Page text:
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"Sanford and Son"
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"Sanford and Son" (1972) More at IMDbPro »TV series 1972-1977

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Release Date:
14 January 1972 (USA) See more »
The misadventures of a cantankerous junk dealer and his frustrated son. Full summary »
Won Golden Globe. Another 2 wins & 12 nominations See more »
User Reviews:
Classic 70's television. See more (40 total) »


 (Series Cast Summary - 2 of 109)

Redd Foxx ... Fred G. Sanford / ... (135 episodes, 1972-1977)

Demond Wilson ... Lamont Sanford / ... (135 episodes, 1972-1977)

Series Directed by
Peter Baldwin (21 episodes, 1972-1974)
Alan Rafkin (17 episodes, 1974-1976)
Jack Shea (15 episodes, 1972-1974)
Bill Foster (12 episodes, 1974-1977)
Norman Abbott (11 episodes, 1974-1976)
Russ Petranto (9 episodes, 1977)
Bud Yorkin (7 episodes, 1972-1975)
Mark Warren (7 episodes, 1973-1976)
Stan Lathan (6 episodes, 1974-1975)
James Sheldon (6 episodes, 1975-1976)
Rick Edelstein (5 episodes, 1972-1973)
Herbert Kenwith (3 episodes, 1974)
Bob LaHendro (2 episodes, 1972-1974)
Charles S. Dubin (2 episodes, 1972)
Sid McCoy (2 episodes, 1973-1976)
Hal Cooper (2 episodes, 1974)
Series Writing credits
Ray Galton (135 episodes, 1972-1977)
Norman Lear (135 episodes, 1972-1977)
Alan Simpson (135 episodes, 1972-1977)
Bernie Orenstein (22 episodes, 1974-1977)
Saul Turteltaub (22 episodes, 1974-1977)
Aaron Ruben (21 episodes, 1972-1974)
Ilunga Adell (16 episodes, 1972-1974)
Ted Bergmann (11 episodes, 1974-1976)
Gene Farmer (8 episodes, 1973-1974)
Jerry Ross (8 episodes, 1974-1976)
Allan Katz (6 episodes, 1972-1973)
Don Reo (6 episodes, 1972-1973)
Alan Eisenstock (5 episodes, 1976-1977)
Larry Mintz (5 episodes, 1976-1977)
Garry Shandling (4 episodes, 1975-1976)
Paul Mooney (3 episodes, 1972-1974)
James Fritzell (3 episodes, 1972-1973)
Everett Greenbaum (3 episodes, 1972-1973)
Bob Illes (3 episodes, 1973)
James R. Stein (3 episodes, 1973)
Rick Mittleman (3 episodes, 1974-1977)
Lloyd Garver (2 episodes, 1972-1973)
Ken Hecht (2 episodes, 1972-1973)
Richard Pryor (2 episodes, 1972)
Winston Moss (2 episodes, 1973-1974)
Arnie Rosen (2 episodes, 1974-1975)
Redd Foxx (2 episodes, 1975-1976)
Robert Garland (2 episodes, 1975)
George Yanok (2 episodes, 1975)
Earl Barret (2 episodes, 1976)

Series Produced by
Norman Lear .... executive producer (135 episodes, 1972-1977)
Bud Yorkin .... executive producer (135 episodes, 1972-1977)
Norman C. Hopps .... associate producer (134 episodes, 1972-1977)
Bernie Orenstein .... producer (73 episodes, 1974-1977)
Saul Turteltaub .... producer (73 episodes, 1974-1977)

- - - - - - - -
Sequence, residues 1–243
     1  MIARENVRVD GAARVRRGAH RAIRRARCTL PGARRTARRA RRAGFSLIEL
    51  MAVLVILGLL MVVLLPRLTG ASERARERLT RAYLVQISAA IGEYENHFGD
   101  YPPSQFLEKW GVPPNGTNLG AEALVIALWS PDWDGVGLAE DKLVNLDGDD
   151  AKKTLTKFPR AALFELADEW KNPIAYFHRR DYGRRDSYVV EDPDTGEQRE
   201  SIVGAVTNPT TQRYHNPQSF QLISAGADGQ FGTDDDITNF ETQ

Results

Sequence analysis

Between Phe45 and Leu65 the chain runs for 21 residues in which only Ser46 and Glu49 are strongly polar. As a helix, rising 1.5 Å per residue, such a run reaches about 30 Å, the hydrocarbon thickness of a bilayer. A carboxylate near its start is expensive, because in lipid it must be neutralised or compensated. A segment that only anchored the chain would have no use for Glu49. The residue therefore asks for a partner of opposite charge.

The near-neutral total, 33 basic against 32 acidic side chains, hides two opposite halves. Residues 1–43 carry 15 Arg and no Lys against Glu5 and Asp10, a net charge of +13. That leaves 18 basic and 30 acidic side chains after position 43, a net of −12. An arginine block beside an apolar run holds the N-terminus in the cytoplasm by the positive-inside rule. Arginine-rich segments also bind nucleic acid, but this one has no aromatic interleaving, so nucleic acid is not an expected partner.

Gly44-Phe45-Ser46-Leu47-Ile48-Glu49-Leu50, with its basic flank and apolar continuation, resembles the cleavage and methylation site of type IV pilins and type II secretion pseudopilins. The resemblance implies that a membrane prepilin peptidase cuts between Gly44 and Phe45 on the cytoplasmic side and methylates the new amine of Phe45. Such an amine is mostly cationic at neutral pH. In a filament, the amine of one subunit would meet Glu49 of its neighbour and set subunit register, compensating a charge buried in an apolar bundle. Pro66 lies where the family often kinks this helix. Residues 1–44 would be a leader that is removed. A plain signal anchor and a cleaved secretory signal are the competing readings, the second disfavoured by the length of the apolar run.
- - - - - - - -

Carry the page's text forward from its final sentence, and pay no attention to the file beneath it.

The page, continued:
Aaron Ruben .... producer (62 episodes, 1972-1974)
Series Film Editing by
Ken Denisoff (29 episodes, 1972-1976)
Chuck Droege (12 episodes, 1973-1974)
Dick King (11 episodes, 1972-1973)
Stowell Werden (6 episodes, 1976-1977)
Bob Veatch (4 episodes, 1975-1976)
Stephen McKeown (4 episodes, 1976-1977)
Series Casting by
Jane Murray (135 episodes, 1972-1977)
Series Art Direction by
Edward Stephenson (135 episodes, 1972-1977)
Series Costume Design by
Rita Riggs (84 episodes, 1972-1975)
Lee Smith (59 episodes, 1974-1977)
Series Makeup Department
Harry Blake .... makeup artist (135 episodes, 1972-1977)
Mari Loshin .... hair stylist (22 episodes, 1976-1977)
Series Production Management
Robert L. Shannon .... unit manager (18 episodes, 1972-1974)
Sheri Rougeot Weaver .... unit manager (7 episodes, 1976-1977)
Andrew J. Selig .... unit manager (5 episodes, 1972)
Thomas Hulbert .... unit manager (2 episodes, 1975-1976)
Series Second Unit Director or Assistant Director
William R. Wyse .... associate director (133 episodes, 1972-1977)
Series Sound Department
Ernie Dellutri .... audio (18 episodes, 1973-1977)
William Cole .... audio (11 episodes, 1972-1973)
Jim Kigar .... audio (2 episodes, 1972-1974)
Series Camera and Electrical Department
Reed Howard .... camera operator (99 episodes, 1972-1977)
Roy Holm .... camera operator (79 episodes, 1972-1977)
Les Shaw .... video / video operator (28 episodes, 1972-1977)
Dick Pickens .... lighting director / lighting (25 episodes, 1972-1977)
Rory O'Connor .... assistant camera (24 episodes, 1976-1977)
John Freschi .... lighting director (5 episodes, 1972)
Joe Williams .... video (2 episodes, 1972)
Series Music Department
Quincy Jones .... composer: theme music "Street Beater" (135 episodes, 1972-1977)
Tommy Morgan .... composer: theme music / musician: harmonica (111 episodes, 1972-1976)
Series Other crew
Joanie Rhodes .... script supervisor (42 episodes, 1973-1977)
Carl McCarthy .... stage manager (29 episodes, 1972-1977)
Alan Eisenstock .... story editor (24 episodes, 1976-1977)
Larry Mintz .... story editor (24 episodes, 1976-1977)